By : Andy Brown
May 02, 2017 12:00 PM
As well as fundamental requirements like security, one of the key qualities modern consumers expect from payments is convenience. People want to be able to complete transactions as quickly and easily as possible, especially when they are sending money to another individual.
Mobile payments already give consumers the freedom to make transactions on the go, but what's the next step in customer convenience? One possibility is the option to complete payments through social networks and messaging apps.
Mastercard and Santander back PayKey
Mastercard and Santander are among the major backers of PayKey, an Israeli payment startup that recently raised $6 million of funding. The service allows users to complete instant payments via networks and apps like Facebook Messenger, WhatsApp and Twitter. It is facilitated by a downloadable keyboard, through which customers can connect to their banks and make P2P payments via their chosen messaging app.
The system is platform agnostic, meaning it can be used and branded by any bank, regardless of their technology platform. Integration takes place at the application programming interface level, making it easier for banks to implement with no changes required to existing security practices.
PayKey is working with a number of leading banks to test and deploy its service, including Nationwide in the UK, ING in the Netherlands, Davivienda in Colombia and Santander in several countries.
Daniel Peled, chief executive of the Tel Aviv-based fintech, said: "As consumers become increasingly comfortable conducting financial transactions on mobile through social apps, it's essential for banks to offer services that cater to these changing behavior patterns in an easy-to-use, secure way. This new funding will allow us to further develop our offering and expand our market reach globally."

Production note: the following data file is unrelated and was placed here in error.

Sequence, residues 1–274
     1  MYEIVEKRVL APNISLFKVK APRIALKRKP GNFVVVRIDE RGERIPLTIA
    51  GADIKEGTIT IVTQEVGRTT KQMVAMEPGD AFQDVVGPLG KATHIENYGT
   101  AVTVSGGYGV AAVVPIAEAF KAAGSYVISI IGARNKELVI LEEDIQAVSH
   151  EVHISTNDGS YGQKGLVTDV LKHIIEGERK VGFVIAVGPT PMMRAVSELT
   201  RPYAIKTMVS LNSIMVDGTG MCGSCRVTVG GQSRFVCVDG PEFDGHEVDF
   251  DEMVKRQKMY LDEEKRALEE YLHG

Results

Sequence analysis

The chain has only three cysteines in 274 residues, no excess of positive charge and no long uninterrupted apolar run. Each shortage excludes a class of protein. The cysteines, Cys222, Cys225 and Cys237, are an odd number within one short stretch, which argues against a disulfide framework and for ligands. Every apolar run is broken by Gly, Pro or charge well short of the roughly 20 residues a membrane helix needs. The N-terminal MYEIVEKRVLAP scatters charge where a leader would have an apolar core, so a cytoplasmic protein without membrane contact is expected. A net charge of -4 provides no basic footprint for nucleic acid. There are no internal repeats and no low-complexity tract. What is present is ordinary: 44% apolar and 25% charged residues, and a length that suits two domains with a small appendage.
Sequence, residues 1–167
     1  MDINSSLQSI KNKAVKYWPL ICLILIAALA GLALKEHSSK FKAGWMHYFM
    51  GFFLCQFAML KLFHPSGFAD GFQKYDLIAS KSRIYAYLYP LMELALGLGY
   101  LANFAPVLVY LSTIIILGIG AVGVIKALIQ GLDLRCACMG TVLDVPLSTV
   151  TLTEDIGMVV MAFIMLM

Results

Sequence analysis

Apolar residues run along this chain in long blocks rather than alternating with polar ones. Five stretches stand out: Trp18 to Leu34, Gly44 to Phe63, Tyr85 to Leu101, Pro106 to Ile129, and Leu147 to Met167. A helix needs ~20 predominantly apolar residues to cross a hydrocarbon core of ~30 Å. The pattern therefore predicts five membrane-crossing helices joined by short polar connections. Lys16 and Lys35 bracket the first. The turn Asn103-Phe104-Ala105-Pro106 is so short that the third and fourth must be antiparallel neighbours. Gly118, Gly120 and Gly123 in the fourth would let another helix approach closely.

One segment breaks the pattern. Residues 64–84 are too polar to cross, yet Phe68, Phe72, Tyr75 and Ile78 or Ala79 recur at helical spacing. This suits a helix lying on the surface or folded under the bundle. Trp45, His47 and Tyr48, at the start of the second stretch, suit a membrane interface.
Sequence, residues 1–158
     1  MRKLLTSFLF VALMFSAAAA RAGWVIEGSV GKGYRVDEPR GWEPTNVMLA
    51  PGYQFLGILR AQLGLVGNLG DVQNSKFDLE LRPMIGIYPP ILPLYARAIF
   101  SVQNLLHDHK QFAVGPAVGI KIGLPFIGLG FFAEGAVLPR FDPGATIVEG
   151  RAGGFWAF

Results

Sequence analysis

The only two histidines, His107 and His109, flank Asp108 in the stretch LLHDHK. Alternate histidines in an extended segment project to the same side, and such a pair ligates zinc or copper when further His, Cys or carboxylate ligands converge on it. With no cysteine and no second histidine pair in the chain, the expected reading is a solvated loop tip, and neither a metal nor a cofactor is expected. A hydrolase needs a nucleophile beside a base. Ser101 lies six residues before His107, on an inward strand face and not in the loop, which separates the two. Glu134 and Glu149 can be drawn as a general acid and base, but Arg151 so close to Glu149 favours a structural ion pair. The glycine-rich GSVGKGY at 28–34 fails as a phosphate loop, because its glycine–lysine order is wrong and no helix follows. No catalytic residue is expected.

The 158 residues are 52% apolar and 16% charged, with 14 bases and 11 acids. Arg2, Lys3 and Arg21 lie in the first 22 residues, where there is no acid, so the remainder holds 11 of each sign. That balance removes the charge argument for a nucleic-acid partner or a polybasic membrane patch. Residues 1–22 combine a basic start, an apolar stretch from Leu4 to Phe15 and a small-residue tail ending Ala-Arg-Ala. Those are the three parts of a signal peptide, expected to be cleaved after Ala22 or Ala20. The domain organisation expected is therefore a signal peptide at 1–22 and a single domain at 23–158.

Will 2017 be the year of mobile and app payments?
Mobile payments have been available to consumers for some time now, but, in some markets at least, adoption has been relatively slow. In Germany, for example, only four percent of mobile users regularly use in-store mobile payments, according to research by Deloitte. More than four out of ten consumers (45 percent) said they couldn't see any real value in making the jump to mobile payments, while 38 percent had concerns about security.
But with an ever-expanding range of services and solutions on the market, could 2017 be a watershed year for mobile and app-based transactions? Spending analytics firm TXN recently published figures showing that use of Apple Pay in the US increased steadily in 2016. The accommodation and food delivery apps HotelTonight, Caviar, Postmates and DoorDash attracted the highest proportion of Apple Pay credit card transactions.
BMO Harris Bank recently launched its own app-based P2P payments service, while US discount retailer Target is also set to introduce a mobile payments system. In the UK, meanwhile, supermarket chain Tesco is rolling out its PayQwiq mobile payments app to all stores nationwide, following positive customer feedback to an initial trial.
Smartphones and apps are on course to play a much more prominent role in how people make purchases and transfer funds. Financial institutions, payment acquirers and merchants that are in sync with this trend will be in a strong position to keep their customers happy by enabling maximum convenience.